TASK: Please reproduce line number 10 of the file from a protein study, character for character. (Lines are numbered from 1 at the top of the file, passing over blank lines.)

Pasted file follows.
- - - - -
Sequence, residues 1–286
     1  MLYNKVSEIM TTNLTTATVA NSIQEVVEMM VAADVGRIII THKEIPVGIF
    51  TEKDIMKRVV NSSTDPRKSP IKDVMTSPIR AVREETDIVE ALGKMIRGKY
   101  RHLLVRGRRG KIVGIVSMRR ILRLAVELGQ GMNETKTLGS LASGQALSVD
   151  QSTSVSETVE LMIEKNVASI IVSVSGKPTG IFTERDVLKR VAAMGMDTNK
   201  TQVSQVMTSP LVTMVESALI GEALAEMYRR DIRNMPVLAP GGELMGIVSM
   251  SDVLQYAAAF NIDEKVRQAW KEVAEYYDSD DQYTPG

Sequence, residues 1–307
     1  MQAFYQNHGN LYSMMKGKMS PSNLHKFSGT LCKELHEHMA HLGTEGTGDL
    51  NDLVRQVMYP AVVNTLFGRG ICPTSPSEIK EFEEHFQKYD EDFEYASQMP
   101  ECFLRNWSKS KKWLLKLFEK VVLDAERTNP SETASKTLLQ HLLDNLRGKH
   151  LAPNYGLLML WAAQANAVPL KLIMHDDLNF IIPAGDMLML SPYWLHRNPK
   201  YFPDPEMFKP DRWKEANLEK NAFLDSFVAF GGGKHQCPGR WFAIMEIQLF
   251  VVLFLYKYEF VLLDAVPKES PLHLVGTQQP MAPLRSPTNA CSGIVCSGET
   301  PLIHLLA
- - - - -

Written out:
    51  NDLVRQVMYP AVVNTLFGRG ICPTSPSEIK EFEEHFQKYD EDFEYASQMP